.40 caliber carbine
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.40 caliber carbine


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Old 03-29-2011, 10:59 PM   #1
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Default .40 caliber carbine

Hey guys. I'm looking into picking up the JR Carbine by EMF in .40 cal. I'm wondering, what is the range on a .40 round fired out of a carbine? Can it shoot accurately out to 100 yards? I'm not too familiar with any calibers other than .22, so any help/info you guys can give me would be great. Thanks.


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Old 03-30-2011, 11:42 AM   #2
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Originally Posted by jgand72 View Post
Hey guys. I'm looking into picking up the JR Carbine by EMF in .40 cal. I'm wondering, what is the range on a .40 round fired out of a carbine? Can it shoot accurately out to 100 yards? I'm not too familiar with any calibers other than .22, so any help/info you guys can give me would be great. Thanks.
The answer is "maybe". There are no inherent characteristics to any handgun projectile that would make them unsuitable for 100 yards target shooting but accuracy will depend on a lot of factors, not the least of which is platform (gun) and that varies even between examples of the same gun.

That being said why are you worried about 100 yard performance? The value of pistol caliber carbines is classicaly as a CQC weapon and 100 yards is pretty much well on the outside of that envelope. I would spend more time at a 25 or MAYBE even a 50 yard range shooting off hand with that gun. Just a thought.


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Old 03-30-2011, 02:32 PM   #3
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Unless the gun just sucks, you will be limited more by trajectory than anything, from a field standpoint. There was a guy on the High-Point forums that would hit the 12" gong at 200 yards all day with his 4x-scoped 9mm carbine. Most report 3-5" groups at 100 yards with the various carbines, when they are actually trying (a proper supported position and typically something other than stock open sights). I used to shoot my PT92 from the prone position, resting my hands on the ground (or similarly, the benchtop), and hit the 12" gong at 100 yards. Last time I shot it, I hit a 3" clay target on the 3d or 4th shot from about 50 yards. I shoot my .44 magnum to 150 yards and consistently hit a 12" gong.

Your typical .40S&W load should be going fast enough out of the muzzle of a carbine to still get reliable expansion to probably 150 yards. This is doing a rough estimate that a round designed to expand at a MV of ~1100fps or so will still expand at 1000fps impact velocity. Figure that a carbine will add about 200fps over a 4" barrel and it won't drop below 1000fps til after or around 150 yards. With a 100yd zero, drop at 150 yards will only be about 10" which is still easy to compensate for on a silhouette (if aiming at the base of the neck, for example, it will hit about COM). At 200 yards the drop goes to a little over 2', but again aiming at the head would put rounds on target.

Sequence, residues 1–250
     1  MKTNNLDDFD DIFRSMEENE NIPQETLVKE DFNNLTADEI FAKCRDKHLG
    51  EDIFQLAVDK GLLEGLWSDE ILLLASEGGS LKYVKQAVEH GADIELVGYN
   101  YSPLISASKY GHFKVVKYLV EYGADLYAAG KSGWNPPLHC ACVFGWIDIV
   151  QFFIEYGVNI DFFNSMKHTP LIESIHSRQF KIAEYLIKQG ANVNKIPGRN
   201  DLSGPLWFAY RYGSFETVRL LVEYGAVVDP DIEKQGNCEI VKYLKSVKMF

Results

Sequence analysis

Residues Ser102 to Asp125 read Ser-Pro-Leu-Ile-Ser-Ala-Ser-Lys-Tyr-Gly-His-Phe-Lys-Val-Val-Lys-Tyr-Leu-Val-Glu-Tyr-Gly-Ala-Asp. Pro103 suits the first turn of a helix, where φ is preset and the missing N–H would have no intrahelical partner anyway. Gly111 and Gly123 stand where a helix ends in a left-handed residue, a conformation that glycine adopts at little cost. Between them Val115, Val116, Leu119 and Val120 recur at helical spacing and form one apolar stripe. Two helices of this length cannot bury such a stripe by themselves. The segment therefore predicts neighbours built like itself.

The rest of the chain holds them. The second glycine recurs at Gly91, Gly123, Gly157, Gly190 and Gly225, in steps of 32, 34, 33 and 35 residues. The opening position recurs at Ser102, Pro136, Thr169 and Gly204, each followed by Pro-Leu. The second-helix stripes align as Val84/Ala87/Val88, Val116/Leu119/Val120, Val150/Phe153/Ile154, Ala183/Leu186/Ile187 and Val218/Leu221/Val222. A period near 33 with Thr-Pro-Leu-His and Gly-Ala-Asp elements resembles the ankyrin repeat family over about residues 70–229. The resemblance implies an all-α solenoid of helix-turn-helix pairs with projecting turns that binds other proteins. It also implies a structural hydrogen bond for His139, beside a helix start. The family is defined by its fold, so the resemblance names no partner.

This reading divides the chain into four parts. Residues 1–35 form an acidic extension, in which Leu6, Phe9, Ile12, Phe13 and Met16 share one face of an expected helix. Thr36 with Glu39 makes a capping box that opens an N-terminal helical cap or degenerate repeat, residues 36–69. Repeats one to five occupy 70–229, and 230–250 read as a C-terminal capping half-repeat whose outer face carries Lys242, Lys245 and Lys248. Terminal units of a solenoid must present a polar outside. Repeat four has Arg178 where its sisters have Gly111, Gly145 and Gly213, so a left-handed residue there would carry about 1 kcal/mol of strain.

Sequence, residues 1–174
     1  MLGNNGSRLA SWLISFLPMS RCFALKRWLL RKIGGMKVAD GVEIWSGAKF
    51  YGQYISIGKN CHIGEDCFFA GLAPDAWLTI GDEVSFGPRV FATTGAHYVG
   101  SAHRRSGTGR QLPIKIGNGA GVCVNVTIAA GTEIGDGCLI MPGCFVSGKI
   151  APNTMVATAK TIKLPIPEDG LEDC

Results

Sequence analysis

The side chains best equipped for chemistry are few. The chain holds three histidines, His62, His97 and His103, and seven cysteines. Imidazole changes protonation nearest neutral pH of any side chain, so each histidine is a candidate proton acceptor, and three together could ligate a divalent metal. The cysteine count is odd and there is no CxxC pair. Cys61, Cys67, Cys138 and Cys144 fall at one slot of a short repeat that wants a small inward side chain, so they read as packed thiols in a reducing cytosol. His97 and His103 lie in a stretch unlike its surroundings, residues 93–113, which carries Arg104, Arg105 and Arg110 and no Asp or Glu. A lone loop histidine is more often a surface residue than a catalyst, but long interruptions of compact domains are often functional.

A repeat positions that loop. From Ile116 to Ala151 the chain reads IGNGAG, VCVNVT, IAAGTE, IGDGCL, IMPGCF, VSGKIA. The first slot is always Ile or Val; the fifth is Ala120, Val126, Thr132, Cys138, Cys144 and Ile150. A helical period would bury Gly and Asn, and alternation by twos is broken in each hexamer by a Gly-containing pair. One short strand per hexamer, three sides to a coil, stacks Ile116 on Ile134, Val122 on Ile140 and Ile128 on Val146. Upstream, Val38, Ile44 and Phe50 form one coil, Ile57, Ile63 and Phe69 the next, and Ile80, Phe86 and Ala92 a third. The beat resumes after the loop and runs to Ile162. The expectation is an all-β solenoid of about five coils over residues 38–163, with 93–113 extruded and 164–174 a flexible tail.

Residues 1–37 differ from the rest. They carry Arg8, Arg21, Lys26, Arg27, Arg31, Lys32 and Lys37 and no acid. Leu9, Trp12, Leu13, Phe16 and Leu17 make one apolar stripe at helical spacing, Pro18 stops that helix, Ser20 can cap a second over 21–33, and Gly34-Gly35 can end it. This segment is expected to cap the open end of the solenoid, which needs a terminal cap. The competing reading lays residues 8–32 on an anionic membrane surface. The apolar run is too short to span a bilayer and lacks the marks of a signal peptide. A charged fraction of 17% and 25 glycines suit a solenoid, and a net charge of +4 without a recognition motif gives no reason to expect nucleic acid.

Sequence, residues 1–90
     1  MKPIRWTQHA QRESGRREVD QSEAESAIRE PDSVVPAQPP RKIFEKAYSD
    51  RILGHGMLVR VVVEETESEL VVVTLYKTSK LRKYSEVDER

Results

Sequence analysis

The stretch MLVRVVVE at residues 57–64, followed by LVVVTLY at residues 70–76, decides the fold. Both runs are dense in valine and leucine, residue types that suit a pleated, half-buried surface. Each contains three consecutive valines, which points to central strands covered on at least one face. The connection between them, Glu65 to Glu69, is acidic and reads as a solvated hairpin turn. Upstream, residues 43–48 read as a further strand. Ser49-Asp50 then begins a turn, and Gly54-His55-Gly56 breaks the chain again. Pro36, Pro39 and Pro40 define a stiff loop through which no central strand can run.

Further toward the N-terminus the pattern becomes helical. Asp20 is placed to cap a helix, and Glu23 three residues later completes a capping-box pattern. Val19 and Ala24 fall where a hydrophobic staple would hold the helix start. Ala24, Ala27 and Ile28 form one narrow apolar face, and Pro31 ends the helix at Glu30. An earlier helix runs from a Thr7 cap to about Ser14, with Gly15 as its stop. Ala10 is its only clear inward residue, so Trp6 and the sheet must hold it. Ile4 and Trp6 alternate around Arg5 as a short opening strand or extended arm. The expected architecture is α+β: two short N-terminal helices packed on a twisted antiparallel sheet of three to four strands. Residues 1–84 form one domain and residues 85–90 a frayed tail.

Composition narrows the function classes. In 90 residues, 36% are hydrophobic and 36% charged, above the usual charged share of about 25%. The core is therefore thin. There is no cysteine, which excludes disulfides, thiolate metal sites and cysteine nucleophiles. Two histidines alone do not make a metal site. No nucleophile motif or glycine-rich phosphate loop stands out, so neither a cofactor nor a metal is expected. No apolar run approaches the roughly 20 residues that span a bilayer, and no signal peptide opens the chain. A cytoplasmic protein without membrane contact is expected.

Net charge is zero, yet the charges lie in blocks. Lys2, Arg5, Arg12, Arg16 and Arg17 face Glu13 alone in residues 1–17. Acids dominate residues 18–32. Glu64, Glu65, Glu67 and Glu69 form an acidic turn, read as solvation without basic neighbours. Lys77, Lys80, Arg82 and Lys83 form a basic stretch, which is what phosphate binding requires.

Now, it's not a sniper rifle, but if all you are trying to do is make holes in a zombie then even 200 yards isn't unrealistic. 100 yards should be cake, again if the gun doesn't suck and you are a decent shot (and understand the huge benefit of optics to replace the course open sights of typical Pistol-Cal carbines, as well as how to support the weapon for such shots).
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Old 03-30-2011, 04:23 PM   #4
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The answer is "maybe". There are no inherent characteristics to any handgun projectile that would make them unsuitable for 100 yards target shooting but accuracy will depend on a lot of factors, not the least of which is platform (gun) and that varies even between examples of the same gun.

That being said why are you worried about 100 yard performance? The value of pistol caliber carbines is classicaly as a CQC weapon and 100 yards is pretty much well on the outside of that envelope. I would spend more time at a 25 or MAYBE even a 50 yard range shooting off hand with that gun. Just a thought.
I'm not necessarily worried about the performance at 100 yards, I just really wanted to know how pistol caliber carbines perform in general, and how versatile they are. Thanks for the input though, definitely helpful.
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Old 03-30-2011, 04:26 PM   #5
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Unless the gun just sucks, you will be limited more by trajectory than anything, from a field standpoint. There was a guy on the High-Point forums that would hit the 12" gong at 200 yards all day with his 4x-scoped 9mm carbine. Most report 3-5" groups at 100 yards with the various carbines, when they are actually trying (a proper supported position and typically something other than stock open sights). I used to shoot my PT92 from the prone position, resting my hands on the ground (or similarly, the benchtop), and hit the 12" gong at 100 yards. Last time I shot it, I hit a 3" clay target on the 3d or 4th shot from about 50 yards. I shoot my .44 magnum to 150 yards and consistently hit a 12" gong.